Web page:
Today, I thanked President Biden for his historic appointment as Judge Ketanji Brown of Jackson to the U.S. Supreme Court, the first black woman and the first federal public defender to serve in the country’s Supreme Court. Throughout the week, as co-chair of the Helsinki Commission, better known as the Helsinki Commission, I led a two-party delegation to a meeting of the Parliamentary Assembly of the Organization for Security and Cooperation in Europe in Vienna, Austria. The delegation issued a strong joint statement on Thursday expressing its outrage at Russia’s invasion of Ukraine and promising our strong support for Ukraine’s sovereignty and independence. I also proposed a law on keeping eviction information out of credit reports; continued to monitor the progress of the recovery from the ice storm on 3 February with local, state and federal emergency authorities; called on leaders to include the language of environmental law I drafted in the Water Resources Development Act; presented a bill on granting permanent residence permits to Russians instead of whistleblowers; announced two National Cancer Institute grants to St. Jude Children’s Research Hospital; and provided a health tip. Keep reading and follow me Twitter, Facebook and Instagram to see what I do when it happens.
Earlier today, I thanked President Joe Biden for the appointment of Judge Ketanji Brown Jackson to the U.S. Supreme Court. Judge Jackson, who currently works for the U.S. Court of Appeals in the District of Columbia Circuit, would be the first black woman and the first federal public defender to serve in the Supreme Court of our country. See my newsletter for candidacy here.
Shortly after Russia launched its attack on Ukraine late Wednesday night, I led a joint statement by the leaders of the Helsinki Commission expressing outrage at the unprovoked and unjustified violation of Ukraine’s sovereignty and independence and international law. The statement says in part: “We are outraged that Russia’s Vladimir Putin has decided to dramatically escalate the war against Ukraine. These are not the actions of a powerful leader, but a despot who seeks to deny Ukrainians the peace and freedom he has denied to his own people. “See full statement here.
Throughout the week, I have led a two-party congress delegation on a fact-finding and support trip to the Lithuanian Commission in Vilnius, Lithuania, and Vienna, Austria. In Vilnius, we discussed tensions over Ukraine with the Lithuanian authorities, including President Gitanas Nauseda and Prime Minister Ingrida Simonyte, who described Putin’s rhetoric as “Orwellian.” In Vilnius, we also met with leading Belarusian opponents of President Alexander Lukashenko, who has become a prayer for Putin, who stole the 2020 election against opposition leader Sviatlana Tsikhanouskaya, whose husband Sergei is serving an 18-year prison sentence. political activity. I also visited U.S. troops near Belarus, where Russian troops are stationed, and had lunch with a Union City soldier and met another soldier from Lexington. In Vienna, I attended a plenary session of the Parliamentary Assembly of the Organization for Security and Cooperation in Europe and spoke about the use of 20th-century Russian propaganda. In these remarks, I called for “It is time to give peace a chance.” Look at that speech here.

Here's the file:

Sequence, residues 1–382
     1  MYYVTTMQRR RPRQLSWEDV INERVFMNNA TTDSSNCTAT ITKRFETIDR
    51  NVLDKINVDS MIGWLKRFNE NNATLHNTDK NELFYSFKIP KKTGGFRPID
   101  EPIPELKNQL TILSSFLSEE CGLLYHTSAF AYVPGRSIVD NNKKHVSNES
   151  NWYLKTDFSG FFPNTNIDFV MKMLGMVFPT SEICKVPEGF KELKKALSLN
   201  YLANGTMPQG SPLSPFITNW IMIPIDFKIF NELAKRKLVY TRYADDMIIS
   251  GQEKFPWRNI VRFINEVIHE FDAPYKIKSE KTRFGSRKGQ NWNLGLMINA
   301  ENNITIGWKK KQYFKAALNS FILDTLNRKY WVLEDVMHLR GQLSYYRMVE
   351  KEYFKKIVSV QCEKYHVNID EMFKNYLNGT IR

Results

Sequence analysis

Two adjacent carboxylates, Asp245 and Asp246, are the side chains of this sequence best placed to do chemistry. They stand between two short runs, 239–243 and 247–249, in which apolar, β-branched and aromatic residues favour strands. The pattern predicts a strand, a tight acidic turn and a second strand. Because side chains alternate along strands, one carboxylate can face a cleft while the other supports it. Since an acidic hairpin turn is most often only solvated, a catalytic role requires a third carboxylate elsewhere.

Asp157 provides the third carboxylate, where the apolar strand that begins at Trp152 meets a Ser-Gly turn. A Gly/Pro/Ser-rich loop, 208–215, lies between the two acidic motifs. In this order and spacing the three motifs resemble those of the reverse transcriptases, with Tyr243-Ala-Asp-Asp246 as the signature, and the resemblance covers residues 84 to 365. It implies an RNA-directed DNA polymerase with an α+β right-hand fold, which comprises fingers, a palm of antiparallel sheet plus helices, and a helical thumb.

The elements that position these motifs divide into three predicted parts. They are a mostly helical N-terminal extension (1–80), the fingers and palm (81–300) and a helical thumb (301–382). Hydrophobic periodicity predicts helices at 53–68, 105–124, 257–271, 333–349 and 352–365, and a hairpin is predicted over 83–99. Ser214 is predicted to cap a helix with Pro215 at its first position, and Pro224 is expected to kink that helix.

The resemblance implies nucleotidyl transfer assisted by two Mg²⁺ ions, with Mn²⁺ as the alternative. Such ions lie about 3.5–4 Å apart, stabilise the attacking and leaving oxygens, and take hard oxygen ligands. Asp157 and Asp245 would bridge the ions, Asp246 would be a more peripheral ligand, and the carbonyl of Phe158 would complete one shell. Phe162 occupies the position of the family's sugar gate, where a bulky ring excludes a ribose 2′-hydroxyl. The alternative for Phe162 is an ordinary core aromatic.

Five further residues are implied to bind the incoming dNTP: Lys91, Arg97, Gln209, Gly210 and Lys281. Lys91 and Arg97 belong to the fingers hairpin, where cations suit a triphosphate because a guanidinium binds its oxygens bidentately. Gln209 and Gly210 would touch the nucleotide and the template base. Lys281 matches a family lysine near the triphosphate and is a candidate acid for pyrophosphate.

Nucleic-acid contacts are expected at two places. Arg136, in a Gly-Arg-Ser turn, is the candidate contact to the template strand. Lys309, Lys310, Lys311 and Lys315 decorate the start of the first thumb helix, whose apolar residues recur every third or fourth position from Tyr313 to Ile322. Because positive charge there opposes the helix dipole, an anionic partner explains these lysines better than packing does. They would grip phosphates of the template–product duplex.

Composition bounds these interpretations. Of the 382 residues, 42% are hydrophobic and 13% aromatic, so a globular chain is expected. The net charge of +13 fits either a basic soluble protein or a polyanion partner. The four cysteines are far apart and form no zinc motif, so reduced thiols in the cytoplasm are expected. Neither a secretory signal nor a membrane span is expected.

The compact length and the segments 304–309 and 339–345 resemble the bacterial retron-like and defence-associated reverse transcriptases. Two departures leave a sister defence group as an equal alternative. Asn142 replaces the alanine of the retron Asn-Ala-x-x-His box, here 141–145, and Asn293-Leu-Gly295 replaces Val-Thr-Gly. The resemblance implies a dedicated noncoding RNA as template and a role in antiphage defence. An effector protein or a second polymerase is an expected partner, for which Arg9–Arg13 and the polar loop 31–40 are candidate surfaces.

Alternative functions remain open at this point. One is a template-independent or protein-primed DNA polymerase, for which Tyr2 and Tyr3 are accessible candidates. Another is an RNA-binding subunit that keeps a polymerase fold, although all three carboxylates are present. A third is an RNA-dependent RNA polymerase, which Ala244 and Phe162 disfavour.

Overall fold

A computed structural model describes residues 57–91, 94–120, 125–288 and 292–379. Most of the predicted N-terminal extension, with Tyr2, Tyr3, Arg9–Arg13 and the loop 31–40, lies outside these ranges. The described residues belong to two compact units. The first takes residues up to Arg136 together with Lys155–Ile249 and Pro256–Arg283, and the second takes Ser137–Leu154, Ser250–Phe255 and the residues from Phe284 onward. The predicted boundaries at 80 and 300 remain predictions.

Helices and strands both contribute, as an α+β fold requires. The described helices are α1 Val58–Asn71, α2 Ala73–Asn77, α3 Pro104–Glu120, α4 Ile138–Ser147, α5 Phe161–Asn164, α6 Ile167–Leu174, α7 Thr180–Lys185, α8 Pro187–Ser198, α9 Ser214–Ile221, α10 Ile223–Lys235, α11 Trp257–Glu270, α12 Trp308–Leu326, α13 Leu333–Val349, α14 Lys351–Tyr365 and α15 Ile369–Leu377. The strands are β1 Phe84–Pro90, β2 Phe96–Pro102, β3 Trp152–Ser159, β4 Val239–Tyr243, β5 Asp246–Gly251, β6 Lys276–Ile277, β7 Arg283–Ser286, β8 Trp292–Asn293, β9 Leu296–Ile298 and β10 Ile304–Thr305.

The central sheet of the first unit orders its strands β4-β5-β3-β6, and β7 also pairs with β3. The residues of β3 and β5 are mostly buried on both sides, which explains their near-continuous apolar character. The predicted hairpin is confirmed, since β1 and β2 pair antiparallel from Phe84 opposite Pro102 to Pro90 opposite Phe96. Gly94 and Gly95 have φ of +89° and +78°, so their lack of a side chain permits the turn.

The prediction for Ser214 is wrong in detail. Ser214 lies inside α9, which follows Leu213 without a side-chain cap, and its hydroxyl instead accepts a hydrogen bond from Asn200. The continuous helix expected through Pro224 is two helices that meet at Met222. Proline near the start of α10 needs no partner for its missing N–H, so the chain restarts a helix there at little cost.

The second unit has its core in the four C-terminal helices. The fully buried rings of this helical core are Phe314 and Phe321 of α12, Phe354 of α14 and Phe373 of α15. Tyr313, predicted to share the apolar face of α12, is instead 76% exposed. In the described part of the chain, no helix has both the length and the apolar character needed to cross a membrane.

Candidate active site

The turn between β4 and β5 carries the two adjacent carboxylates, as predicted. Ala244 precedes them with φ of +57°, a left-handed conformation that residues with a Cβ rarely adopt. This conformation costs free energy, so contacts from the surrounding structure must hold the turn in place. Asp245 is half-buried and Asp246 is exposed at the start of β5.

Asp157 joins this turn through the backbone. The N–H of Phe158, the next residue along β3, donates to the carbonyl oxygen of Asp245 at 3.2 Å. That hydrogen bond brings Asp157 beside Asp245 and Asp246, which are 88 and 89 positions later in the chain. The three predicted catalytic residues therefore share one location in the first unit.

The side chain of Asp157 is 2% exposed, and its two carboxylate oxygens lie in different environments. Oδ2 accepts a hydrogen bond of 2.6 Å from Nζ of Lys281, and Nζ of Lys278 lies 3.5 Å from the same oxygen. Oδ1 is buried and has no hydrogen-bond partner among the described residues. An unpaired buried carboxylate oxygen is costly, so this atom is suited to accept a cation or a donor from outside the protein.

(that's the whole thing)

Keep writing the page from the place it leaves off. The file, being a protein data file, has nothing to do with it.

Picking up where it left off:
Earlier today, I introduced the Keep Evictions Off Credit Reports Act, which prevents evictions related to the COVID-19 pandemic from appearing on credit reports. With this bill, tenants evicted during the COVID-19 pandemic should not oppose them when applying for future housing. See my bulletin on the bill here.
I also sent a letter today to a number of colleagues with the leadership of the Committee on Transport and Infrastructure and its Subcommittee on Water and the Environment, urging them to include the language of environmental law I proposed in the forthcoming Water Resources Development Act (WRDA). See that letter here. I have worked to strengthen the U.S. Army Corps of Engineers ’commitment to environmental law principles in evaluating pipelines and other projects. I was proud to join the grassroots efforts to demand environmental justice when the Byhalia Connection pipeline was proposed for a route through the historic district of Boxtown. I talked about it at a recent consultation of the Committee on Natural Resources.
On Tuesday, I presented a private bill to facilitate the issuance of a permanent residence permit in the United States by Vitali Stepanov and Julia Stepanova. Both Vitaly and Julia, and their little sons, had to flee their home country of Russia in 2014 after exposing Russia’s widespread, state-sponsored doping program ahead of the 2016 Summer Olympics. See my bulletin on the bill here.
Although camouflage restrictions are being lifted in many areas, it still makes sense to use masks indoors in public places, even though COVID-19 infection rates are still high. Many retail pharmacies and other companies offer free masks available. I urge you to keep masks close to others.
Free COVID-19 test kits will arrive in mailboxes following the White House initiative to get the tests delivered to every household in the country. Use them if you plan to be in an area where your condition could endanger the health of others.
For more information on free tests, see the White House Bulletin here.
“The prayers of the whole world are with the people of Ukraine tonight as they suffer from the unprovoked and unjustified attack by the Russian army. President Putin has chosen a premeditated war that will bring catastrophic loss of life and human suffering. Russia alone is responsible for the death and death caused by this attack. The United States and its allies and partners are responding with unity and determination. The world holds Russia accountable. ” – Statement by President Joe Biden on Wednesday evening following the start of the attack on Ukraine.
As always, I will stay.